In any event, assuming your 130W panels provide around 50 Amps and you have a 40l fridge you should be able to make it but there is not a big margin at all.

    For example, if you have a larger fridge (eg 70l) that probably consumes more, with high ambient temperatures in daytime (fridge running longer but also drinking more beer & needing to add warm ones now and then – double whammy – see above how the consumption increases if you add warm stuff), you stand in the shade, and also have other power consuming items (typically water pump, lights, small inverter for charging laptops and cell phones) it all adds up & it would indeed seem that 130W is on the slim side.

    Hence also Chris’ comment that 160W seems to work – on paper at least, it should – giving you a better margin with a bit to spare for lights etc.
    Last edited by Lesk; 2014/06/09 at 06:30 PM.

  12. #91
    Join Date
    Aug 2012
    Location
    Okahandja, Windhoek
    Age
    65
    Posts
    2,902
    Thanked: 198

    Default

    I would reckon 8 hour efficient power from a solar is maybe too high. Rather work on 6 hours and if you track the sun on 7 hours.
    Johan Kriel

    LC's; PU, SW and Prado

  13. #92
    Join Date
    May 2009
    Location
    Hillcrest, Malaysia
    Age
    61
    Posts
    16,063
    Thanked: 2200

    Default

    We are at risk of getting into Analysis Paralysis here.

    It is almost impossible to design for all user profiles, weather condition, solar panel, charger battery, fridge/freezer load combinations.

    As Chris says, 2 x 80W panels, a decent MPPT solar/vehicle charger and one decent battery will suit just about everybody under most user and weather profiles.

    The system he uses wouldn't be my choice, but I can't fault it.
    Cheers

    ZS5KAD Yeasu Ft-897D
    2 V8's a V6 and an inline 4
    The nice thing about going the extra mile - the road is never congested.

  14. #93
    Join Date
    Apr 2012
    Location
    Pretoria
    Age
    56
    Posts
    8
    Thanked: 0

    Default

    Quote Originally Posted by Fluffy View Post
    We are at risk of getting into Analysis Paralysis here.

    It is almost impossible to design for all user profiles, weather condition, solar panel, charger battery, fridge/freezer load combinations.

    As Chris says, 2 x 80W panels, a decent MPPT solar/vehicle charger and one decent battery will suit just about everybody under most user and weather profiles.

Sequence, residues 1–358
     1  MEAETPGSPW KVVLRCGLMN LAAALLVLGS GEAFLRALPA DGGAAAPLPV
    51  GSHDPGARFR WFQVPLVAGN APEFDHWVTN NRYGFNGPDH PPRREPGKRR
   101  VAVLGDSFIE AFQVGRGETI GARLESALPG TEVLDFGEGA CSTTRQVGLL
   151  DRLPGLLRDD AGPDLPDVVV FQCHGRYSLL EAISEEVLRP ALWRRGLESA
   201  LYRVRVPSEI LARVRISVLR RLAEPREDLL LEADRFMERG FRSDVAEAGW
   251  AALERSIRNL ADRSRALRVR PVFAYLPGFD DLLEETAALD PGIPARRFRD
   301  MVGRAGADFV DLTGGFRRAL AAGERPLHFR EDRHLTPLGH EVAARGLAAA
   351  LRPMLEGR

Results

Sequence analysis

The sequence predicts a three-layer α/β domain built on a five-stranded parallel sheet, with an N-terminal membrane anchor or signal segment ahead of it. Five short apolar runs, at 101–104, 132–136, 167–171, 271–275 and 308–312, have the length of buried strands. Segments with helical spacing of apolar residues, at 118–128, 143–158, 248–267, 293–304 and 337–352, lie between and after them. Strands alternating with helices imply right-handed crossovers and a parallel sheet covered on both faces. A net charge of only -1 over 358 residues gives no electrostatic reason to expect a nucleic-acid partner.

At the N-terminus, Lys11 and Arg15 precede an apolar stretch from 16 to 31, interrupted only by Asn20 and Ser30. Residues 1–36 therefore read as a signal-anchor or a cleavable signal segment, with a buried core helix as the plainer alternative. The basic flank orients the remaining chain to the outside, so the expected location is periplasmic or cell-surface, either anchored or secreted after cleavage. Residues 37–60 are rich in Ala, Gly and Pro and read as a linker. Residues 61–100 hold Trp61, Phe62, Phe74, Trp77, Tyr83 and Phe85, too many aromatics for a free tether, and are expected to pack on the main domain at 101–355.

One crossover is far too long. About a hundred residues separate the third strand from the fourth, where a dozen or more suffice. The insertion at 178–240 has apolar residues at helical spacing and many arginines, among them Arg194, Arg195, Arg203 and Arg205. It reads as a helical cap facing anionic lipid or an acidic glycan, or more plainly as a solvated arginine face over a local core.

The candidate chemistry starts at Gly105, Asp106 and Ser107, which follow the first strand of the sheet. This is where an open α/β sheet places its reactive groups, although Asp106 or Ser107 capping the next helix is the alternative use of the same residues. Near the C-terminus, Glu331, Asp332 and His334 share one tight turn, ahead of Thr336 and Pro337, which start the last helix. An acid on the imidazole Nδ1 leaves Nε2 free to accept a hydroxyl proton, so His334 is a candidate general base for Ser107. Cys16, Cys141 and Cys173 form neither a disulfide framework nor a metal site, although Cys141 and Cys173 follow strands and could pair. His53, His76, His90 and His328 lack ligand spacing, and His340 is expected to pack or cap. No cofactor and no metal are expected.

The system he uses wouldn't be my choice, but I can't fault it.
    Agreed

  15. #94
    Join Date
    Oct 2009
    Location
    Stellenbosch
    Age
    67
    Posts
    3,629
    Thanked: 218

    Default

    Thanks Lesk, a good write-up and to the point.

    Analysis Paralysis or not, it is good to see that theory and practice can be matched occasionally. I also confirm that my 170W system does the job very well and leaves some extra room to make ice, charge the laptop and even use an electric blankie every now & then.
    Eggie.

    What this country needs more and more, are more unemployed politicians.
    - apology to Edward Langley.

  16. #95
    Join Date
    Sep 2011
    Location
    Hartebeespoort dam
    Age
    43
    Posts
    17
    Thanked: 0

    Default

    Thanks for the write up Chris.
    Only one question, where did you buy the 1st of the 2 crimping tools you show in your photos? I have tried various distributors, electrical wholesalers, google. Just cannot get a proper set, and it is the absolute weak point of my whole setup.
    2008 F250 D/C... Diesel Alcoholic!

  17. #96
    Join Date
    Jul 2012
    Location
    Vanderbijlpark
    Age
    48
    Posts
    2
    Thanked: 0

    Default

    Hi there all,

    Firstly GREAT post Chris. What I would like to know, I have read a lot about using dc2dc chargers and lots of comments was made regarding the slower rate of charge when a battery was fully discharged due to the lower maximum amps that the unit delivers. Is this a concern? How long do you expect will a dc2dc charger require to charge a battery from let's say 11.9 Volt (40%) charge according to your chart to being fully charged again This will probably not be an issue if you travel for say 8 hours from one camp site to the next, but what about shorter trips? I do not currently have the capital for a solar system.